"Works meet for repentance"

In his spirited defense before King Agrippa, as recorded in the book of Acts, Paul reviewed his life both before and after his sudden conversion on the road to Damascus. As a result of this experience, and the spiritual enlightenment that followed, he could affirm that the new understanding which had come to him enabled him to show "first unto them of Damascus, and at Jerusalem, and throughout all the coasts of Judea, and then to the Gentiles, that they should repent and turn to God, and do works meet for repentance;" or, as some translators have rendered the last clause, "and live lives consistent with repentance." Apparently, Paul based his plea upon the fact that through his teaching and example he had been able to turn many from lives of sinful pleasure-seeking and sheer materiality, with the concomitants of sin and its evil consequences, to lives of purity, unselfishness, righteousness, usefulness, and holiness, conforming in great degree to the commands of the Founder of Christianity. Thus Paul was showing mortals the way to salvation through repentance, through the abandonment of sinful living, through awakening to the fact that sin has no necessity.

Christ Jesus was no less definite in emphasizing the fact that only by repentance could mortals be saved. "Repent ye, and believe the gospel," was his admonition in the very beginning of his ministry. So convinced was Mrs. Eddy of the need for repentance that she placed it as the second of three cardinal points to be gained before humanity can become regenerated by the demonstration of Christian Science. In speaking of this on page 107 of "Miscellaneous Writings," she says, "The lack of seeing one's deformed mentality, and of repentance therefor, deep, never to be repented of, is retarding, and in certain morbid instances stopping, the growth of Christian Scientists." And in the next sentence she puts the case even more emphatically: "Without a knowledge of his sins, and repentance so severe that it destroys them, no person is or can be a Christian Scientist." Could words be more emphatic? The recognition of sin must be followed by a repentance so deep, so genuine, so earnest, that it destroys sin, thus setting mortals free from sin's evil effects.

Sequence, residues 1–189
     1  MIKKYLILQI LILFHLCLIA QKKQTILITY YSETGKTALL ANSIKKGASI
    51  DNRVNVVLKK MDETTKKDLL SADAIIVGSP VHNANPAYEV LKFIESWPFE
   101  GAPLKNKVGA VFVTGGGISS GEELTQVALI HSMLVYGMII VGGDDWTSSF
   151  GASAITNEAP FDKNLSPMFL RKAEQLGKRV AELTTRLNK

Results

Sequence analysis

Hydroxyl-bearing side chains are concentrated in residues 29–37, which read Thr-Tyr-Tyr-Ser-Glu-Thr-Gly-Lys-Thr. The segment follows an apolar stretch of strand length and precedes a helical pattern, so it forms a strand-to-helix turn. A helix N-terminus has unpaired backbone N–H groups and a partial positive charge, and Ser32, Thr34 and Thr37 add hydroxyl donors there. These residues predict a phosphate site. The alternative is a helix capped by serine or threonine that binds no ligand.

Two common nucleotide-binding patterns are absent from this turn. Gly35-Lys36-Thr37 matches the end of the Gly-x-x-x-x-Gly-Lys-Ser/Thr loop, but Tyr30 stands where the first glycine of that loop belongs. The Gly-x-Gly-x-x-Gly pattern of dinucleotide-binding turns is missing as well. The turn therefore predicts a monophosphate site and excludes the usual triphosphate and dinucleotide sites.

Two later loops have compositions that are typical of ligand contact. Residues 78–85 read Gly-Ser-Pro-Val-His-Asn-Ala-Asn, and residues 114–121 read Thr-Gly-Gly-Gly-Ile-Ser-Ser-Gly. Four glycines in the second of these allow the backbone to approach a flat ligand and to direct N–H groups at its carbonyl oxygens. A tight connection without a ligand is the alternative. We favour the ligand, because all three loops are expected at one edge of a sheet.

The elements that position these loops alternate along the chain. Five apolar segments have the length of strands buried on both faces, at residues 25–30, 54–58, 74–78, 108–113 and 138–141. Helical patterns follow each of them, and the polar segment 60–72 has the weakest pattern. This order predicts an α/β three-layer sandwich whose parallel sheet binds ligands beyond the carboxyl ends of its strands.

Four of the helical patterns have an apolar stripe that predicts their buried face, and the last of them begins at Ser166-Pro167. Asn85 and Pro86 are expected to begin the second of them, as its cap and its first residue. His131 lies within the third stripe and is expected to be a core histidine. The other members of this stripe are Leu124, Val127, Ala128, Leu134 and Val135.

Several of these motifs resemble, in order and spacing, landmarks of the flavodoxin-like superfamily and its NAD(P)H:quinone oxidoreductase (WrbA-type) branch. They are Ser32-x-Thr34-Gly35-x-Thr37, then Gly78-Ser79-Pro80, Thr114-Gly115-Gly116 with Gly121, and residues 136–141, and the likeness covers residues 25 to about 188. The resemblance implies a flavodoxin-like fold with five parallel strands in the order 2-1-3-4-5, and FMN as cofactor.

Repentance thus set forth is much more than regret for wrongdoing: it even becomes the active agency for the destruction of sinful beliefs. How can this be? Repentance of this order includes recognition of the nothingness of sin, the unreality of evil,—sin's progenitor,—since God, good, is infinite and All. Thus, both evil and its seeming activity disappear with the recognition of their nothingness. How much greater becomes the significance of repentance in the light of our Leader's words! The "works meet for repentance," which every Christian, like Paul, must produce in order to prove his position, consist of the destruction of evil and its claim to reality, first in one's own mentality; and this understanding, rightly applied, will release those who may seek our aid. Repentance in this sense includes the denial of all materiality, even the understanding of the nothingness of all pleasurable beliefs which seem to attach to many phases of the fallacy that life inheres in matter.

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God's Universal Reign
May 31, 1924

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